Giving birth to 'The Chanticleer'
Sculptor Bryan Rapp, newly hired as the first artist-in-residence for the visual arts program in the Thomas W. and Robin W. Edwards College of Humanities and Fine Arts, has started constructing a new interpretation of Chauncey, called “The Chanticleer.”
The 12-foot mascot sculpture will greet visitors to Brooks Stadium once that complex is expanded from 9,124 seats to around 19,000 as part of the Chanticleers’ move to the Sun Belt Conference and Football Bowl Subdivision (FBS).
“With two entrances, one on 544 and one into the TD Sports Complex, there was a feeling that we needed a more visible Chauncey for fans entering the football stadium,” said Easton Selby, chair of CCU’s visual arts department. “The first Chauncey is slightly larger than life size and more interactive. The new guy will be larger and more intimidating.”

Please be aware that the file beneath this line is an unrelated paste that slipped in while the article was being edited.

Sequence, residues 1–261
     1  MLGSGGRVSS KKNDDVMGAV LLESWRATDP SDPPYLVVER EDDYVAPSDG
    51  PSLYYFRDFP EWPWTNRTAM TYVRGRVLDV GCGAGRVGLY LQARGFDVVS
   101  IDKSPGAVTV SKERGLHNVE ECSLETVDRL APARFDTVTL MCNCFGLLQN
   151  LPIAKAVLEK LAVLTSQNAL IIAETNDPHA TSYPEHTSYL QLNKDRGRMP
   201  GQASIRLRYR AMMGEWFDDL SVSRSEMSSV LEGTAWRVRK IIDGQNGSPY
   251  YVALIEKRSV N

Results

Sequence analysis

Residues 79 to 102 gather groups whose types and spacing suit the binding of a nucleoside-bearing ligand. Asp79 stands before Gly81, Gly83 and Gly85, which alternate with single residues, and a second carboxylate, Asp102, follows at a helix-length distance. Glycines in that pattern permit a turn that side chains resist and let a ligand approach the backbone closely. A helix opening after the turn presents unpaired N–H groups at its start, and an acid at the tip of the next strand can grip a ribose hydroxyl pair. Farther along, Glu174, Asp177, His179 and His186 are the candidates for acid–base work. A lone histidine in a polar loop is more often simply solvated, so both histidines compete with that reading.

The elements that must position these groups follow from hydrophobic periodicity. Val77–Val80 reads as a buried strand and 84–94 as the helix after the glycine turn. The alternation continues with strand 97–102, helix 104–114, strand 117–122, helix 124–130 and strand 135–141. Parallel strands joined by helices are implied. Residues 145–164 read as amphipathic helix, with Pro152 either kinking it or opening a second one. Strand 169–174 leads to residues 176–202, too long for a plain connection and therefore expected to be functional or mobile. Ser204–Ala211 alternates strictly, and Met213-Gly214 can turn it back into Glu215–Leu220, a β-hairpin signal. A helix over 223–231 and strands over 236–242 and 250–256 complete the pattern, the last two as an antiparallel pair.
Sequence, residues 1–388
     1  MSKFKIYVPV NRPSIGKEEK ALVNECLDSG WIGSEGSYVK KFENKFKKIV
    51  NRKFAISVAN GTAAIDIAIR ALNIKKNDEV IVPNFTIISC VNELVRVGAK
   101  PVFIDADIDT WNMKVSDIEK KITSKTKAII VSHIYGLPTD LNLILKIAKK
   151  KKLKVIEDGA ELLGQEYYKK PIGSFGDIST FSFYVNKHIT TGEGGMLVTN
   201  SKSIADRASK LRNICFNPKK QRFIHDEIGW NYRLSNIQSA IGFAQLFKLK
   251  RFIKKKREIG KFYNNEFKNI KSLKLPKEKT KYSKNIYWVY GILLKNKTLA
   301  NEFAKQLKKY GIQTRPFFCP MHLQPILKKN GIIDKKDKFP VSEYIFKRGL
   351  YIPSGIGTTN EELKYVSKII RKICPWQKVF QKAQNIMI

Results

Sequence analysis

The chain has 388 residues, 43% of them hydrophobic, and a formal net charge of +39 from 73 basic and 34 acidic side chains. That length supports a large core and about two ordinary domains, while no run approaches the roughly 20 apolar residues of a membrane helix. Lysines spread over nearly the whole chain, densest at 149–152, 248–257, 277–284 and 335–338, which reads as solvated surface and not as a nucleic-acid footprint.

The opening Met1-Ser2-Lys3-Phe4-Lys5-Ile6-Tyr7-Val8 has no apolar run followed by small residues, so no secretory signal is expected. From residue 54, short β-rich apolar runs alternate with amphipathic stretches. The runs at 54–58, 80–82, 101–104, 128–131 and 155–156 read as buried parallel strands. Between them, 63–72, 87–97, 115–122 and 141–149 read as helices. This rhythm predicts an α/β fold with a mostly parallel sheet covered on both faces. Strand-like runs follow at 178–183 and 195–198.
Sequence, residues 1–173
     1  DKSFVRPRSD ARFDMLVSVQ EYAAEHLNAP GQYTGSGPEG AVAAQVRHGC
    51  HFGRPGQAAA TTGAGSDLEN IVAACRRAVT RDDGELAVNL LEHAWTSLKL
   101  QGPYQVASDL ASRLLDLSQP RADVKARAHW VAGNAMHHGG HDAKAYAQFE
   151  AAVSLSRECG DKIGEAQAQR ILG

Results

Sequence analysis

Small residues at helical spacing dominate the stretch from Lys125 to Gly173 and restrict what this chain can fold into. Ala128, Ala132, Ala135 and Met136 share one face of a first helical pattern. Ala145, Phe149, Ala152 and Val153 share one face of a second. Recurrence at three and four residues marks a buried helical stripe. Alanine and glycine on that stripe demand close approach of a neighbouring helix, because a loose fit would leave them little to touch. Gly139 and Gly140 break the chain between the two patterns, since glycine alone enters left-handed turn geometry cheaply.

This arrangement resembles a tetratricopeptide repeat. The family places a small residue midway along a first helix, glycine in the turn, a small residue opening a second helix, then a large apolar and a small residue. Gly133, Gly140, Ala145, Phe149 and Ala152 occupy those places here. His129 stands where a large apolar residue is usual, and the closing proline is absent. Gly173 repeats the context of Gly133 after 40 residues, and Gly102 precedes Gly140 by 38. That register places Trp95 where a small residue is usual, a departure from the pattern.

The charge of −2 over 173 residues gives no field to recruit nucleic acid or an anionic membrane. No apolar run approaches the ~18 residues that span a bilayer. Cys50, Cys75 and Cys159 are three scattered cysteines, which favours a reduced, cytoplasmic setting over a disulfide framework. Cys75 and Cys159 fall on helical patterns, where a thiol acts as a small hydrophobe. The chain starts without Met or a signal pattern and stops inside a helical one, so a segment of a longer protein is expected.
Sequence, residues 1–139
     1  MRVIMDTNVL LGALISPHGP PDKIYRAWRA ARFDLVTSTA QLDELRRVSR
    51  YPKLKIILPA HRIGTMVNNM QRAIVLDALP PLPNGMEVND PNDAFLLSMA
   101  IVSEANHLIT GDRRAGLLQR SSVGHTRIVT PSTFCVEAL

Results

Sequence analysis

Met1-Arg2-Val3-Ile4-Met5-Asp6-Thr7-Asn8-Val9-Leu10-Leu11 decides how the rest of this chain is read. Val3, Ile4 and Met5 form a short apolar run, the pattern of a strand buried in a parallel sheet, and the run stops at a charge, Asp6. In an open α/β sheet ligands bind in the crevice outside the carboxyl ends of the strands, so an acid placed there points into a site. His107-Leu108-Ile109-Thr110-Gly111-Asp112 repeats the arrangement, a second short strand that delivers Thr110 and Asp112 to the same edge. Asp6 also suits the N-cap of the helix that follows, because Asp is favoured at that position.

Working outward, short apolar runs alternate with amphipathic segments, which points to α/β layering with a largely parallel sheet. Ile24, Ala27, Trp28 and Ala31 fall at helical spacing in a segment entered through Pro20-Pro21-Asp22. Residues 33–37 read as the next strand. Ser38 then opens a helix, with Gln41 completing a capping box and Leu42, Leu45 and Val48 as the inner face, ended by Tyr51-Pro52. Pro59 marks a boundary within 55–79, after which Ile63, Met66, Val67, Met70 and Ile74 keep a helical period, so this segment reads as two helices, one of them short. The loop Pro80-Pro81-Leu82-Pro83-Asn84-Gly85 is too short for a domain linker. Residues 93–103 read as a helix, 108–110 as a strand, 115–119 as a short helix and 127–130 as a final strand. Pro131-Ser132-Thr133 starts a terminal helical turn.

Here’s Rapp’s report on the new chicken on the block, er, campus.
All is going well with “The Chanticleer.” We began making the platform deck to construct the armature in April across U.S. 501 in the theater warehouse and decided it made more sense to complete the armature process over there.
In May, I fabricated a steel armature and applied spray styrofoam to give it a form. Since then, I've been carving, and presently, I am waiting to confirm an order for rubber and plaster molds.
Once I know for sure that those materials are on the way, I'll start to apply the 2,500 lbs. of wet clay and begin the actual sculpting part.
My goal is to have the detail completed by mid-August, and make molds before the start of the fall semester. Once the molds are completed, I'll move the molds back over to Edwards and begin the waxwork and reconstruction of the sculpture in wax.
My goal is to then carve the wax chicken up into two-foot sections and begin the sand mold process, and maybe get a few bronze pours in by the end of the semester.